When I watch Only Angels Have Wings I remember where Devlin came from in Notorious (1946). Because Grant reveals a side of his persona like a double-sided coin. There’s something different hidden under each side and he’s a tortured soul struggling to reconcile the life he leads with feelings he is so inept in expressing. Because the danger of any type of human attachment is that the same person could just as easily be taken out of your life a moment later. Far from despising him for his callous attitudes, it makes him all the more intriguing as a human being. Because every other character brings something out of him.

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Though his career had all but tanked after immense successes with D.W. Griffith in the silent era, Richard Barthelmess has a crucial role as a recently arrived flyer who has an ignominious history under a different name. In a single moment, he broke the unwritten code of the skies, never bale out and leave your copilot high and dry. It’s followed him everywhere he goes like a Scarlett Letter.

What makes it particularly volatile is the fact that the dead man’s brother, The Kid (Thomas Mitchell), a 22 year veteran of the business, is Carter’s right-hand man. This past tragedy causes the aging pilot to seethe with anger as his ill-will toward Macpherson burns under the surface. There is a great deal of unresolved ire between them waiting for release.

In fact, that’s the trait of many of these characters. Because Macpherson has picked up an attractive young wife in his travels. Though Rita Hayworth is in a smaller role as Judy, it’s still significant because most every player is given a piece of the pie. Her connection being the fact she knew Geoff in a former life. They don’t admit it right away but it becomes clear enough. And of course, there’s this uncomfortable chafing as Grant keeps the disgraced pilot in his back pocket to do all the dirty work. He’s handsomely paid for it but there’s no sentimentality or camaraderie.

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Everyone else is a part of Grant’s family as it were. MacPherson is just around for his usefulness. Carter’s relationship with the other man’s wife puts him in yet another position of power to show compassion. He surprises us incessantly and a dose of redemption explodes right out of an inferno of tragedy.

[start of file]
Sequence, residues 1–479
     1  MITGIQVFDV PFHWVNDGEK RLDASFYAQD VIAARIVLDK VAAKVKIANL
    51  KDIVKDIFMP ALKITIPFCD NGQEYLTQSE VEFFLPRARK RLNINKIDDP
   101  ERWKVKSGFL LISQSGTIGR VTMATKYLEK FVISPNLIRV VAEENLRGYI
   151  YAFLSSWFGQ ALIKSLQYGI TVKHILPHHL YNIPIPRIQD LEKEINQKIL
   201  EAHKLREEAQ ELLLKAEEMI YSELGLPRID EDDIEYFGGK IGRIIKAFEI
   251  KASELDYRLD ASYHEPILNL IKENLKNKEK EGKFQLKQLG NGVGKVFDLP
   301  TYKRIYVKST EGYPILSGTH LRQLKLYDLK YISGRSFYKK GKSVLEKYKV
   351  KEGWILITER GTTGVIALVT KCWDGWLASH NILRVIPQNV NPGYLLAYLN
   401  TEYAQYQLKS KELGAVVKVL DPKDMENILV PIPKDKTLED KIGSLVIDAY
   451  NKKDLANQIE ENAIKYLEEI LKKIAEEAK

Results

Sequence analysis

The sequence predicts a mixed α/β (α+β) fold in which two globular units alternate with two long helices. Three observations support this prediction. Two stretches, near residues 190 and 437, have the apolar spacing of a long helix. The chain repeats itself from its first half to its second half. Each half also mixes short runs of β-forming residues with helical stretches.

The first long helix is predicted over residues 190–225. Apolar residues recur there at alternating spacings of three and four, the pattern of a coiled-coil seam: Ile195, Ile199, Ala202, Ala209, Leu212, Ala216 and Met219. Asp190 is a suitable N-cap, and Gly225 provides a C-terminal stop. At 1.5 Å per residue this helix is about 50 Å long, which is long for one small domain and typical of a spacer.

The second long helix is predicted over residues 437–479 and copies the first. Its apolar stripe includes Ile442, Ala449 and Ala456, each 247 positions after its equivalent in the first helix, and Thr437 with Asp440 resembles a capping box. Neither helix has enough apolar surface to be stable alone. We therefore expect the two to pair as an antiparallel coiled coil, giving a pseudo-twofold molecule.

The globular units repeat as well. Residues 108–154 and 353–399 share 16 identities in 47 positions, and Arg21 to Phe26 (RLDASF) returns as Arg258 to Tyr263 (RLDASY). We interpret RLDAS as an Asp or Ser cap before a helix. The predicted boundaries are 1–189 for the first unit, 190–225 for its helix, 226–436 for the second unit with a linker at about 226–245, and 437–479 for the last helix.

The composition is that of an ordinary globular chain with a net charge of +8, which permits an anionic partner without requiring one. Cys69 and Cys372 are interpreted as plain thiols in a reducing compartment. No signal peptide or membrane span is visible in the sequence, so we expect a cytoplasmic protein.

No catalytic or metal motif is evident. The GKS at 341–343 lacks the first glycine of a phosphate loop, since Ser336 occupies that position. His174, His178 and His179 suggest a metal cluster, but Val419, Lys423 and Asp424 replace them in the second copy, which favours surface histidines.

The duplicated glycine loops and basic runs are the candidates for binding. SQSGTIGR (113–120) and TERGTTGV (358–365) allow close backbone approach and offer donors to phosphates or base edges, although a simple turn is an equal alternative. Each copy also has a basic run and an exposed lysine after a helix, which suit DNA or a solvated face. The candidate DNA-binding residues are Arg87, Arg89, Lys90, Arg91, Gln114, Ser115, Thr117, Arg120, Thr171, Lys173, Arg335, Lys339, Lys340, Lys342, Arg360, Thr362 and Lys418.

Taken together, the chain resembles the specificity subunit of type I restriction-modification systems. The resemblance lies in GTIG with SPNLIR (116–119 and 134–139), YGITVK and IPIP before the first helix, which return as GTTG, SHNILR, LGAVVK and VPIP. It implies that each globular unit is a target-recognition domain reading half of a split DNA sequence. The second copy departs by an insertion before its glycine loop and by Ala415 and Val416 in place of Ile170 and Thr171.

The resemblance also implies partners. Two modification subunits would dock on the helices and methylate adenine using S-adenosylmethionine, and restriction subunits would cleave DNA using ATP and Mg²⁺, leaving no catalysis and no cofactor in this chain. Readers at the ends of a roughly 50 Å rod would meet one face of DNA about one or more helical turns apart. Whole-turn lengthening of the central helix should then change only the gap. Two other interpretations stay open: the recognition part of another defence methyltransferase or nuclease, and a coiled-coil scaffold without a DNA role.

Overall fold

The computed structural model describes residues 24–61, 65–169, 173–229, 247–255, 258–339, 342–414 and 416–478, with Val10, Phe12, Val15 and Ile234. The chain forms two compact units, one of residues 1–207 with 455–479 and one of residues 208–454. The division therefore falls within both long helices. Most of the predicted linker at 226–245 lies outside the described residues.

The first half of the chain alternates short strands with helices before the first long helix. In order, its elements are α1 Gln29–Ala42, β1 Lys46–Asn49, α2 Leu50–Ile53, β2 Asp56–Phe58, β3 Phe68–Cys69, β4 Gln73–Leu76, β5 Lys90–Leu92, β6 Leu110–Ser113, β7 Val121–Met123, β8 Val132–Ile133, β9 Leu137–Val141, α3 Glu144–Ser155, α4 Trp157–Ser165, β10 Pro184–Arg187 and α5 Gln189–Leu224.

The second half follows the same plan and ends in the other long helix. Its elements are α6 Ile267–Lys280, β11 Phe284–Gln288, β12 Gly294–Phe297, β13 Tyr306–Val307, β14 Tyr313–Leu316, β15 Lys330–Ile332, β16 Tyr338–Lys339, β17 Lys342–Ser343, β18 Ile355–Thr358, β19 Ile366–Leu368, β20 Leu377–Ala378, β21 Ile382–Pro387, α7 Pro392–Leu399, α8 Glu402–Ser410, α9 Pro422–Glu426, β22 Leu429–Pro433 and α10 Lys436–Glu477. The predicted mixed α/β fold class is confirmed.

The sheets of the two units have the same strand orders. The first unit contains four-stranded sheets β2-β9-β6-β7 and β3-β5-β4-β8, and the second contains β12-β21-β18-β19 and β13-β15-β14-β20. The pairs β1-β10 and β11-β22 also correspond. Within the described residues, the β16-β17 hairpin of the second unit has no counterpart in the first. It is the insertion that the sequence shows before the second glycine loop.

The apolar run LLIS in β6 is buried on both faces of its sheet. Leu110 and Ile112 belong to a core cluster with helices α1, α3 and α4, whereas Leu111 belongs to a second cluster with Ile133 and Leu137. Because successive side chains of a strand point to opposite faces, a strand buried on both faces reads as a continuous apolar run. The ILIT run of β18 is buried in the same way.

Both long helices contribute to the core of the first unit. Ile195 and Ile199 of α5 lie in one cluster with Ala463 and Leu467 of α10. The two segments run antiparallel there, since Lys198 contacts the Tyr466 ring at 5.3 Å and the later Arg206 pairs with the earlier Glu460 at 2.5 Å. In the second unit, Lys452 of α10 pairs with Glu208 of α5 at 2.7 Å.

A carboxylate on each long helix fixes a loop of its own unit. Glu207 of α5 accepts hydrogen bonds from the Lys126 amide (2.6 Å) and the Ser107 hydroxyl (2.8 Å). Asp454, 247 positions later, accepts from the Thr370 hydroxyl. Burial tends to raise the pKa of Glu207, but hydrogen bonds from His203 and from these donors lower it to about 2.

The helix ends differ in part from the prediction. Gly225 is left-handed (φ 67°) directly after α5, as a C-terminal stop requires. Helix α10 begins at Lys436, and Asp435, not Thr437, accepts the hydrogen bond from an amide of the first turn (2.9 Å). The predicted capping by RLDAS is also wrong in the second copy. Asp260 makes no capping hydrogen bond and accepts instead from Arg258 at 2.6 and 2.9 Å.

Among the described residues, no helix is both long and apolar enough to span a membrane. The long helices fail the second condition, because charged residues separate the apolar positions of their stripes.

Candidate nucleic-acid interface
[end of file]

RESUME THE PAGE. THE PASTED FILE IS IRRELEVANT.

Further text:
But we have yet to consider Grant and Arthur’s relationship throughout the picture, arguably the film’s most integral and constantly evolving asset. He is a man who can never be tied down; he does not share feelings or expect anything from any woman. And yet hidden away and shrouded from view are these threads of decency running through his life. Ways that he cares for people without letting his virile image slide. The final scene is a fine summation.

The pass is clearing up and despite all that’s gone wrong — he’s only got one good arm for goodness sakes and Bonnie’s about to leave him — there’s still a drive to finish what they started. But there’s a chance to make it through and save their contract and as he goes flying out the door he gives his girl a great big kiss and says he’ll flip her for whether or not she stays or leaves.

Of course, we know full-well the coin he tossed her is from “The Kid.” It’s marked with heads on both sides. She’s hurt at first. Injured by this flippancy and lack of commitment. But then she realizes, turning it over in her hands. In his indirect way, he’s saying he wants her to stay.

Why bring this up at all? As best as I can explain it, this individual scene is so beautifully restrained and nuanced in a way that surpasses other lesser films. Meanwhile, Only Angels Have Wings displays all the delectable glories of a deeply satisfying adventure film from Howard Hawks. There’s drama, romance, friendship, tragedy, and a simplicity to the action lines which nevertheless feels deeply indicative of the human condition.

4.5/5 Stars